Monday, 5 September 2011

The end of summer

Ah yes - another trip to the Midlands to visit the outlaws.  This time it was to say goodbye to the Shah's big sister who has been visiting from the USA.  Her soothing presence in their parents' house meant that at least we did not have to suffer the usual anxiety attacks that habitually mark our journey.  Mind you, there was a bit of a stand-off between Mother in law and Father in law when we arrived - her swooning with relief that we hadn't spontaneously combusted on the M40 and him threatening to do away with the landline and only have a mobile which he would keep on his person and deny her access so she couldn't make panic-stricken phone calls every five minutes.

The Shah and I are very democratic in our driving.  We almost always share journeys and it has become known that, whenever I am at the wheel, we will have the worst possible trip - be it traffic, weather, whatever.  And so it came to pass once again.  Horizontal rain most of the way to Coventry and a bunch of feckwits on the motorway who think driving at 90 mph with no headlights on in zero visibility is the recommended way to travel.  Hey ho.  So, of course,the journey home was altogether less remarkable with Shah in charge - a beautiful evening of scattered clouds and bright sunlight.  Grrrr.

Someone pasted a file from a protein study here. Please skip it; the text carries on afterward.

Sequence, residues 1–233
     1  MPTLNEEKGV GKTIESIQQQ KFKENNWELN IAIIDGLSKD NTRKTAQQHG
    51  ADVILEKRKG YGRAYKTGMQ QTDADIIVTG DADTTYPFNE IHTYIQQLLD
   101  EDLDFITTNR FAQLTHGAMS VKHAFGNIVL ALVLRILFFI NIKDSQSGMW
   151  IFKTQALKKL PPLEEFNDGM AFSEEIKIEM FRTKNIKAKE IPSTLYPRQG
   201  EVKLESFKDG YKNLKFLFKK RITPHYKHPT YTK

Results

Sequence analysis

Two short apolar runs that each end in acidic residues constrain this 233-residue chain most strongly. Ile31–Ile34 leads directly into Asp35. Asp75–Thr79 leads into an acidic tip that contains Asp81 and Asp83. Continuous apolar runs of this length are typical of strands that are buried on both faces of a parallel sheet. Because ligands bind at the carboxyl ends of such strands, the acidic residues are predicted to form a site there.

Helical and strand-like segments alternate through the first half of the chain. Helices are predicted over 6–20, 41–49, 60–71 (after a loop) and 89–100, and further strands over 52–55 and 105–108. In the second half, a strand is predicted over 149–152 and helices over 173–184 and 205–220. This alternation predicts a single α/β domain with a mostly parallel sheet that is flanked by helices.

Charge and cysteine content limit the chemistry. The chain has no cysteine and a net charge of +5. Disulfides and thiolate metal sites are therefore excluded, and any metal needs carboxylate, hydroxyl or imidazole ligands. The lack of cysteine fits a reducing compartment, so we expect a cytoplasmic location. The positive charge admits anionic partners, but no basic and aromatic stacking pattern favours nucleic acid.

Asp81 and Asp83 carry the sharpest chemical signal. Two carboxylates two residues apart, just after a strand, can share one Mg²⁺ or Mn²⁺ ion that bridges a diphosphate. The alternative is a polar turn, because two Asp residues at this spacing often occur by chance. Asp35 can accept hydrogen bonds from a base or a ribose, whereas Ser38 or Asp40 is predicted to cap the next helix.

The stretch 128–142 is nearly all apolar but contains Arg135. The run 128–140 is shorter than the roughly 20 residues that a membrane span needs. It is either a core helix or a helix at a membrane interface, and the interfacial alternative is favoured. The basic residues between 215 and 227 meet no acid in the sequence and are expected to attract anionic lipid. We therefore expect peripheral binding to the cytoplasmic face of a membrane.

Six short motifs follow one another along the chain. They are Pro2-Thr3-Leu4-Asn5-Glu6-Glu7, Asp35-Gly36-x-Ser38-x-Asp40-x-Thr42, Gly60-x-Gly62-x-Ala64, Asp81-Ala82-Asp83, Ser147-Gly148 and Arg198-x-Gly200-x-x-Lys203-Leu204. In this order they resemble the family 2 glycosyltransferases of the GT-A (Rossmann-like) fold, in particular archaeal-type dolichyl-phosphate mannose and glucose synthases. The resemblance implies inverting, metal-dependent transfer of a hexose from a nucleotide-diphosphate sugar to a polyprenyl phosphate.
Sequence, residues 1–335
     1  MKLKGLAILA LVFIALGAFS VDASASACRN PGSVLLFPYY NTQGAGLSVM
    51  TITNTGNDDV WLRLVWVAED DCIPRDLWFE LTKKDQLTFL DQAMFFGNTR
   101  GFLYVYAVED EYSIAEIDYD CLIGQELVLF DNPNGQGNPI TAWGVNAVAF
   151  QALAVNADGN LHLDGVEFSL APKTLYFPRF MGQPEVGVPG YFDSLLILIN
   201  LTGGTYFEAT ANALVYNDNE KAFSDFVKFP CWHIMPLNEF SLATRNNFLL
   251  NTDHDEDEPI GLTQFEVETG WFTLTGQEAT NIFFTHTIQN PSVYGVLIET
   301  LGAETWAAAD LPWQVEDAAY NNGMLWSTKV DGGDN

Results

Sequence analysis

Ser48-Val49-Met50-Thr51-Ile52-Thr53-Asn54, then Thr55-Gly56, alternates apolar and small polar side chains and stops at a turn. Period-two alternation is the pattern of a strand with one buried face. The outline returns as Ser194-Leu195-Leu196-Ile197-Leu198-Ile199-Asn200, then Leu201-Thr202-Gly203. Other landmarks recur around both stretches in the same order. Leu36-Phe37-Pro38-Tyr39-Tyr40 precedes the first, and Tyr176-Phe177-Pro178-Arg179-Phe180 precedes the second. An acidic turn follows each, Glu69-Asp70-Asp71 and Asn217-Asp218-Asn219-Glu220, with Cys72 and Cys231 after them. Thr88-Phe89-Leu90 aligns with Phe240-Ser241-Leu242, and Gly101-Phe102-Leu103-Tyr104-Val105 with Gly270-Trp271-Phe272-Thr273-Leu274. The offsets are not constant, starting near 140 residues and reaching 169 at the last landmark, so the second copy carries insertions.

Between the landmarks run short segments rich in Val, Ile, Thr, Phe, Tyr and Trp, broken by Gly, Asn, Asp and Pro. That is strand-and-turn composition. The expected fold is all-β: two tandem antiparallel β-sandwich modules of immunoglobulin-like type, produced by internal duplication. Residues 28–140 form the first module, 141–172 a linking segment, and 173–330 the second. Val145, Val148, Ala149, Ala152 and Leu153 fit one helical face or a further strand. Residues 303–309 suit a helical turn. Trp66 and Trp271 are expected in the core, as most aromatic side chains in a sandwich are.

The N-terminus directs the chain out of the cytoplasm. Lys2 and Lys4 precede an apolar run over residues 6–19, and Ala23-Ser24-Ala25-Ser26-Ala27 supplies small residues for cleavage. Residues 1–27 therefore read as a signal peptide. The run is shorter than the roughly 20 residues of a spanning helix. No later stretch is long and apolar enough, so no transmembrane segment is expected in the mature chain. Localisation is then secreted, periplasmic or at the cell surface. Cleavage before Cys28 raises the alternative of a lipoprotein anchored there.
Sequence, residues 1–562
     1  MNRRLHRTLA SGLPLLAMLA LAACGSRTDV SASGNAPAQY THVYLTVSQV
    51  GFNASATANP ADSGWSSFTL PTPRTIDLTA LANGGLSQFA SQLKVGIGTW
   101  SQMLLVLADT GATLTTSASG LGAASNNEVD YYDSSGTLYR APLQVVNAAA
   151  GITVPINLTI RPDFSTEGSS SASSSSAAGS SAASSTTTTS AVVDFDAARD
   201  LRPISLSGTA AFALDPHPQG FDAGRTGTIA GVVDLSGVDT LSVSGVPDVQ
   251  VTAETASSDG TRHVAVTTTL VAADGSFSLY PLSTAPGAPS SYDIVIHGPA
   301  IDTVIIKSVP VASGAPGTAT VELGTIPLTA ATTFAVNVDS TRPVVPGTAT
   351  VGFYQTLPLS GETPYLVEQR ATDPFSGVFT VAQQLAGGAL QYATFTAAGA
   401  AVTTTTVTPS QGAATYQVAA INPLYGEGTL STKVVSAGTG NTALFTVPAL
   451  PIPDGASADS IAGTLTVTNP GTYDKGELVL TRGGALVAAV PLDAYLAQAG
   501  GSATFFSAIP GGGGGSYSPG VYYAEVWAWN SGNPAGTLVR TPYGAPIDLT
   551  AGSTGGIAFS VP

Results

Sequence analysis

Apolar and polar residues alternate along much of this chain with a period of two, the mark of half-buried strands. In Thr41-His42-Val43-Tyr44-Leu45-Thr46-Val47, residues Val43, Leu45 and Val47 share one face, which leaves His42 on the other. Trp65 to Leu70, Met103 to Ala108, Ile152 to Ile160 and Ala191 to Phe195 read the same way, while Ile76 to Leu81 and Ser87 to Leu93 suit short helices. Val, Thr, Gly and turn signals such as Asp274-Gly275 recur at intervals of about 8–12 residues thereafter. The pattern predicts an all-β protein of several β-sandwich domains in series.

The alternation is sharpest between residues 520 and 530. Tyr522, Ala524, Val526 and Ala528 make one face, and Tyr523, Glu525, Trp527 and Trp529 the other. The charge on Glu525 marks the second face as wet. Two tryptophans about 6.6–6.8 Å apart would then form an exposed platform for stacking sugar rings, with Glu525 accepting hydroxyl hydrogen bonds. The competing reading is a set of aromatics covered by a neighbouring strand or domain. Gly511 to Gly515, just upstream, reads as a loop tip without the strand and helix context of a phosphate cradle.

But hang on, can I just rewind a bit?  There had been what I shall euphemistically call a breakdown in communication between the Shah and his son and heir.  Viz - the Shah forgot to mention the trip to s&h who was a) slumped in a drunken coma on a friend's floor somewhere and b) expecting to play cricket yesterday, not endure approximately 2 hours in the car in far too close proximity to his sister and then spend another 6 hours or so being asked all the usual questions that grandparents and aunties like to ask and hearing yet more comments about his height (6 foot dead on, if you care.  No, I didn't think so).  When we eventually tracked him down and explained the cock up change in plan, he threw a tantrum of monumental proportions.  This proved to be as hilarious as it was unexpected.  He reverted straight back to the person he had been at 5 years old and screamed and bawled his frustration very volubly.  Unfortunately, this only had the effect of making the Shah and me laugh.  And when he began kicking the back of my car seat, I became almost hysterical.  Eventually, he cried himself to sleep (sort of) and peace reigned.